Harrisburg is expected to end the year with enough money in the bank to pay off its accumulated debt, according to a key city official.
Appearing before city council this week, Comptroller Charlie DeBrunner told council members his office forecast a fund balance of $ 34 million by the end of the year, which may be enough to pay off the bonds. the city, he said.
âI think it’s pretty clear that we can if this holds up,â DeBrunner said. âWe’re not in administration, so we can only see what’s happened, not what’s going to happen. We don’t have the crystal ball that the finance people and the mayor have.
In contrast, Mayor Eric Papenfuse has repeatedly stated that the city does not have enough savings to pay off around $ 25 million in debt, pay the city’s current expenses and maintain an adequate reserve fund of 11 to $ 13 million. He also said that with a healthy fund balance, the city would regain a credit rating and be able to re-enter the bond markets for the first time since defaulting on its debt ten years ago.
For months, Papenfuse criticized the city council for refusing to act on its bond refinancing plan, introduced in early June, which would significantly reduce the city’s general bond interest rate, which currently stands at 6, 75%.
Board chair Wanda Williams and other board members said they wanted to use the city’s savings to pay off the debt all at once, rather than refinance it.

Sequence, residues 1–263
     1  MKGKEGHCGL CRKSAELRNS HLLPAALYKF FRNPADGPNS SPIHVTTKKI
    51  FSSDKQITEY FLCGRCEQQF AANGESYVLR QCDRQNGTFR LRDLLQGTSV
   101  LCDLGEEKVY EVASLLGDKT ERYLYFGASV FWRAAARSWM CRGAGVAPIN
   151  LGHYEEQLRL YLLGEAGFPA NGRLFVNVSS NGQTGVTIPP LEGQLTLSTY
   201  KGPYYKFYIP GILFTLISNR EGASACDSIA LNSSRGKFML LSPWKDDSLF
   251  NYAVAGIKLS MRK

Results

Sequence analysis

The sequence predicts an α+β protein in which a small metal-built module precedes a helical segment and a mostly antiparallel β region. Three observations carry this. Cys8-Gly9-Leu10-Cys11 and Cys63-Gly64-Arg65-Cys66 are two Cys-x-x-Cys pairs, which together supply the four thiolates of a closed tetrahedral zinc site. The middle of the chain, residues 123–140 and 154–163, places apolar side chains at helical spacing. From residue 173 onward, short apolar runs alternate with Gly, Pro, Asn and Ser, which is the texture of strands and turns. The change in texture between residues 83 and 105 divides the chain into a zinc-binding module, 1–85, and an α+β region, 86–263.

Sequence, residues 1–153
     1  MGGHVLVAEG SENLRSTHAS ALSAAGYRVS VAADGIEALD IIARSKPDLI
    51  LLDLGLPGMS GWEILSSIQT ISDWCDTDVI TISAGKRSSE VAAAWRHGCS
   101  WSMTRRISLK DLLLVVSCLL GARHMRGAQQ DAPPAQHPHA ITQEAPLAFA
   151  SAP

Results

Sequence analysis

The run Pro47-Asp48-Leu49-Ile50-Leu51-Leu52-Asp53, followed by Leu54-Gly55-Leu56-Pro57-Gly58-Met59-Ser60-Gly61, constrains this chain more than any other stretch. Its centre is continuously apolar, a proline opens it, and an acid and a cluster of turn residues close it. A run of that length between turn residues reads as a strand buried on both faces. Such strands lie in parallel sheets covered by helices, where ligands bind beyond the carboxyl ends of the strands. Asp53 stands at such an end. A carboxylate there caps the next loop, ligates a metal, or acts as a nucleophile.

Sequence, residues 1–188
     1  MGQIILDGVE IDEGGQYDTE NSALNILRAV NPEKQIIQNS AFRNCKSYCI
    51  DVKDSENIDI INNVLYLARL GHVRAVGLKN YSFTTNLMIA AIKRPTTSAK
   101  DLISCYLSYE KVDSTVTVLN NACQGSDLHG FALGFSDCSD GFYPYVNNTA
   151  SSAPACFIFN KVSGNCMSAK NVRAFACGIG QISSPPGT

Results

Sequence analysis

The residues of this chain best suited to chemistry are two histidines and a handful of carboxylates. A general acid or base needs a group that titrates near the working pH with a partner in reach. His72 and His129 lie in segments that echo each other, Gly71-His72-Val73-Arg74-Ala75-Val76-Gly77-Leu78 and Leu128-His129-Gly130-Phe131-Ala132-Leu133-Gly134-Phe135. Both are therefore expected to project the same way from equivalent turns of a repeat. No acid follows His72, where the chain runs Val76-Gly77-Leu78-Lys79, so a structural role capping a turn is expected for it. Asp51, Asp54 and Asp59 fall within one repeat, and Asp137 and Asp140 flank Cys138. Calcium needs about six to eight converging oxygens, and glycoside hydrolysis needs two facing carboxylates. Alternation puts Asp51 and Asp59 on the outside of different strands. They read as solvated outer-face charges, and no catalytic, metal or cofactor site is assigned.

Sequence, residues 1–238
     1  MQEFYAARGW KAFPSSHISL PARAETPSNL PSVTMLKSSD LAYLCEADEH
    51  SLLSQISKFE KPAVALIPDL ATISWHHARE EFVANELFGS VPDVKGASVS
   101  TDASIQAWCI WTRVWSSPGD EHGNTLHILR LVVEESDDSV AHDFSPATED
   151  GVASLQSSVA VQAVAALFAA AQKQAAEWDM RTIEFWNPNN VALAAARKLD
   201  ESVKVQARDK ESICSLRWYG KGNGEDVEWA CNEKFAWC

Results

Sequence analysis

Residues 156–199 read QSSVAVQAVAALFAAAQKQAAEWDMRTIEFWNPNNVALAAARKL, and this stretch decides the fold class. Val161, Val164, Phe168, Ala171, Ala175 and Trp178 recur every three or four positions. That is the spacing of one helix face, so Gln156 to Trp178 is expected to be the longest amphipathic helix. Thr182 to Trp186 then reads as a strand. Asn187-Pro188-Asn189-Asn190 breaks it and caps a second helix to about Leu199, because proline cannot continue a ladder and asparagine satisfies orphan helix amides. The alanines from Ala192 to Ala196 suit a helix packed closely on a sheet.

DeBrunner told council members this week that by paying off the debt sooner, the city could save about $ 14 in accrued interest over an expected 10-year repayment period.
The Intergovernmental Cooperation Authority, a body established by the Commonwealth to help oversee Harrisburg’s finances, urged the administration and council to come together to resolve their differences over financial data and to reach agreement on the way to be continued. At the end of last month, the two sides had yet to meet.
Papenfuse said he welcomed alternatives to his refinancing plan, but the council has not formally introduced legislation to pay off the debt in part or in full.
“I am open to ideas,” he previously told TheBurg. âI didn’t see anything from them.
Papenfuse said this week that, had the council acted in June, the refinancing could have already been completed, with the interest rate cut in half to the financial benefit of the city.
DeBrunner said another bond payment is slated for January, so the council could wait until then to see exactly how much savings the city has before making a decision on whether or not to repay the debt.
The good news is. . . we have nothing to do until we know it, âhe said. “We don’t have to pay any money until January 2022, so we’ll know exactly what we have then.”
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